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NFL teams to tarp off lower rows of seats, sell the space

Houston Texans fans yell from the front row in the endzone at NRG Stadium. That lower-level space be tarped off across the league for the 2020 season. (Photo by Ken Murray/Icon Sportswire via Getty Images)

The National Football League is implementing a new policy for the 2020 season in which it will tarp off the lower rows of seating at each of its stadiums and sell that camera-visible tarp space to corporate sponsors. 

The installation of the tarps, approved by owners in a June 25 virtual meeting, is designed in part to create additional distance between fans and teams’ coaches and players amid the ongoing Covid-19 pandemic. But with the league, like most others around the world, looking at modified attendance at best for the foreseeable future, the tarps also represent a key source of new revenue.

The Premier League has employed a similar practice, and Major League Baseball clubs are also reportedly exploring the concept. 

The NFL’s plan will cover the first eight rows at each of the league’s 30 stadiums, and will include on-field suites, making those areas off limits to fans. 

The tarps “will provide clear separation between the players and the fans,” said Renie Anderson, NFL chief revenue officer and executive vice president of partnerships. “Clearly, obviously, it will provide a unified look on broadcasts as well…There’s no requirement for the clubs to integrate advertising. It’s somewhat of an added benefit if there is an opportunity there. There’s also an added opportunity to thank our front-line workers and to create brand messaging for the clubs as well.”

The new ad space will come with a series of rules to protect league sponsors, not unlike other facets of marketing around the league.

Expected pricing for the tarps has not been released, but it is anticipated it will fetch significant dollars and be in high demand. The league’s quartet of sideline sponsors – Bose, Gatorade, Microsoft, and Oakley – are the only ones that not normally prohibited from displaying signage within 40 feet of the playing surface, where television cameras typically focus.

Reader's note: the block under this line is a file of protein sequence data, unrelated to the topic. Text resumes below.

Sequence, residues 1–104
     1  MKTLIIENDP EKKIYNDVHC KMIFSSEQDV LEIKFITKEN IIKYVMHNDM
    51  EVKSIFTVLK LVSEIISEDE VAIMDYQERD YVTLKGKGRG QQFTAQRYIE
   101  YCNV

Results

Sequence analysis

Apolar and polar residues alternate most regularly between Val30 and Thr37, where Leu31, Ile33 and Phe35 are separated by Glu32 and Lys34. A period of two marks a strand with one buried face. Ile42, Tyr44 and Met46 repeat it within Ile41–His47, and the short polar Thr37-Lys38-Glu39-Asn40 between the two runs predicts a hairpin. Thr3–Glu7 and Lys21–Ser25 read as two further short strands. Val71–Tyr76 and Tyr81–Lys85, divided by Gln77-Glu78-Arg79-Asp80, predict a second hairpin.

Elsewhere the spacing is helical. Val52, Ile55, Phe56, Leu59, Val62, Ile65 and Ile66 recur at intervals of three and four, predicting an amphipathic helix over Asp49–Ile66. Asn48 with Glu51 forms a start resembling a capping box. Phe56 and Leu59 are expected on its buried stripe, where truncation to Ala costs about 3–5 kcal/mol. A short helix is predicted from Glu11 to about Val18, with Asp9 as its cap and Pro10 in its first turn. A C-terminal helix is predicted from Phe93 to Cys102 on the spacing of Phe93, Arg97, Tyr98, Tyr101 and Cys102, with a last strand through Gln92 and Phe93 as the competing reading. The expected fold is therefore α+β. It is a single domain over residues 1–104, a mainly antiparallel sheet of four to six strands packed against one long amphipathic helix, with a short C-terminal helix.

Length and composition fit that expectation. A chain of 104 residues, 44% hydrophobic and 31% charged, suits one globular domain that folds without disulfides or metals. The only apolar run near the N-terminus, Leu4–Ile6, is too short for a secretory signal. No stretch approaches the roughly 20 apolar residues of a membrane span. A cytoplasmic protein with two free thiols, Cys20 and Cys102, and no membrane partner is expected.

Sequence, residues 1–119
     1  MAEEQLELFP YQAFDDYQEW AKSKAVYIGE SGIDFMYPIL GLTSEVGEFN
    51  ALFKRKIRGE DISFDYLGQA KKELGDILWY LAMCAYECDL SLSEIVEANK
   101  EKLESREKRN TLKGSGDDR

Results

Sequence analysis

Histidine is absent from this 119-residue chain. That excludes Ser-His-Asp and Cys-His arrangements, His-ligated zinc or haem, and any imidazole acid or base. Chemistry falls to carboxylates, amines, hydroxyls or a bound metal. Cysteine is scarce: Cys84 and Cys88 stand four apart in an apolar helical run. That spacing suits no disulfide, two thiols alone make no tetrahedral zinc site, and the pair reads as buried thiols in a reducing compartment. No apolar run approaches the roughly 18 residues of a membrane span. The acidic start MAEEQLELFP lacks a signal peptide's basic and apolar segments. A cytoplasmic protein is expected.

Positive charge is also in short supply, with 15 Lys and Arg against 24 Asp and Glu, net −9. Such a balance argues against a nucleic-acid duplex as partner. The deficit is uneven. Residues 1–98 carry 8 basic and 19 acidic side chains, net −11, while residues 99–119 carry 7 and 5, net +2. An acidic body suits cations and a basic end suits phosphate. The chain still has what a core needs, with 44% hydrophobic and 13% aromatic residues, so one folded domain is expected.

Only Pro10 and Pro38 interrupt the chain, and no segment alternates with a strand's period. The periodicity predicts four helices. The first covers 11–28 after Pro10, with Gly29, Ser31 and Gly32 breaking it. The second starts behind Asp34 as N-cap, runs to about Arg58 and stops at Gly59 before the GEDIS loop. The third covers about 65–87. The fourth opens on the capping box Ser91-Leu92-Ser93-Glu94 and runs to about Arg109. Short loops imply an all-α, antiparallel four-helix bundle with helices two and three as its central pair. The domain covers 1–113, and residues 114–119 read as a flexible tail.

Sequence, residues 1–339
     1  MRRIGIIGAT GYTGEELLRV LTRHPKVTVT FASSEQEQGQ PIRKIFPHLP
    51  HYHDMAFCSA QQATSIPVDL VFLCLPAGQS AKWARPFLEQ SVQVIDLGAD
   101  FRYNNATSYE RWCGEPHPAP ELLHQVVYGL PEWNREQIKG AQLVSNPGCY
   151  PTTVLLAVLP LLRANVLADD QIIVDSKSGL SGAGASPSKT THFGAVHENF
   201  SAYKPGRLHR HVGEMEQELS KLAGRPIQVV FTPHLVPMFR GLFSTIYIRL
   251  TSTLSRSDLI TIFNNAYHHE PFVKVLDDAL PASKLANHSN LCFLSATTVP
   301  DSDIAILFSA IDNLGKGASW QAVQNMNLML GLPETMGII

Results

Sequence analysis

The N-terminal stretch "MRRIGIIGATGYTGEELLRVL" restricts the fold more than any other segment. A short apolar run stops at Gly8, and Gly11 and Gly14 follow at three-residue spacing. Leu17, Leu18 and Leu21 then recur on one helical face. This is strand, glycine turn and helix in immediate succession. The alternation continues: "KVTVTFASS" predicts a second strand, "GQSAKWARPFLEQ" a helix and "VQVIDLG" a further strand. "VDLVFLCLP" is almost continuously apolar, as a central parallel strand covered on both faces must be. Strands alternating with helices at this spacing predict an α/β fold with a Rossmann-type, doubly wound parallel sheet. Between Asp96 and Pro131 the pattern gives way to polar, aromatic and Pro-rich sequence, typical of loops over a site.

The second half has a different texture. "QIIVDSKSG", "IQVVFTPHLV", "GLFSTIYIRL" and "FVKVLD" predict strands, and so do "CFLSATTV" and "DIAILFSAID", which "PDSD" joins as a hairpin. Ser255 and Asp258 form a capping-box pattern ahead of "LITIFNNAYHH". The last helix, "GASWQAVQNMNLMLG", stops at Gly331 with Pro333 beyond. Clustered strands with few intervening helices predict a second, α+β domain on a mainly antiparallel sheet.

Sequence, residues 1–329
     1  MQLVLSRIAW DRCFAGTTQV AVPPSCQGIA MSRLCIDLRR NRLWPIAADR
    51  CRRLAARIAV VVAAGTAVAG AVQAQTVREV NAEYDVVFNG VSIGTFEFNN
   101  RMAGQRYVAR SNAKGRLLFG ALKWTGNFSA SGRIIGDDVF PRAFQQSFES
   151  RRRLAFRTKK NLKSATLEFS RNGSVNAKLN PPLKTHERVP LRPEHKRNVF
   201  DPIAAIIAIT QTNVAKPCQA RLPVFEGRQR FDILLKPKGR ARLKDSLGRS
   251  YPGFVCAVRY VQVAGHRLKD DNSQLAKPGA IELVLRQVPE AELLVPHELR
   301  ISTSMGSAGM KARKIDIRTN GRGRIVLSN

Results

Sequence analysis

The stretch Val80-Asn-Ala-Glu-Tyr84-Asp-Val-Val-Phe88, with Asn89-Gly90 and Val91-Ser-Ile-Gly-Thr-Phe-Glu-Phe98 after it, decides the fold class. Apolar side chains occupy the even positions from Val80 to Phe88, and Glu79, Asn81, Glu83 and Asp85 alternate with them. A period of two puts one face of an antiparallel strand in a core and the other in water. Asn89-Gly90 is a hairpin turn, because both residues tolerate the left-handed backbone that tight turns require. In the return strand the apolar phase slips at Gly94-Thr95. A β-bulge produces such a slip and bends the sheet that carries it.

The tarps and resulting recastings of facility seat maps, however, will also help create a significant logistical challenge for ticketing, both within the 32 clubs and with various resale entities, one further complicated by the fact that there is not a blanket policy or plan for how attendance will be handled in the NFL this fall. 

It is likely that local governments will ultimately dictate what is allowed at each stadium. But not only will that vary from market to market, that also very well could change on a week-to-week basis, further altering what ticket manifests look like. The league generally plans to favor long-term season ticket holders and personal seat license holders in limited attendance scenarios. The overall situation, however, remains very tentative and fluid.

“But the focus would be on playing in home stadiums, even if that initially is without fans in some stadiums,” said Peter O’Reilly, NFL executive vice president of club business and events.

Some NFL teams are quickly started efforts to relocate season ticket holders located in lower rows.

“We are already in the process of working with and reaching out to season ticket holders making it priority to accommodate and relocate them,” said Greg Bensel, New Orleans Saints senior vice president of communications. “We will also offer them a number of options for the 2020 season including a refund or credit and it will not impact their season ticket holder status moving forward.”

Bensel said the policy will be revisited for the postseason.

The NFL, meanwhile, is still planning to start training camps on schedule in late July, even as Covid-19 cases surge in many in parts of the United States.

“The clubs have been advised that training camps are expected to open on the normal schedule,” said Jeff Pash, NFL general counsel. “The dates set for in the collective bargaining agreement, for most clubs that would be July 28. Obviously they can bring in rookies and certain other players before that.”

But the Hall of Fame Game in Canton, Ohio, set for early August, was canceled out of virus concerns. And the league is discussions with the NFL Players Association about the status of other preseason games.

“The preseason games, we’re in active discussions with the players association around those issues, and will continue at that and expect to have some resolution relatively soon and will advise the clubs at that time,” Pash said.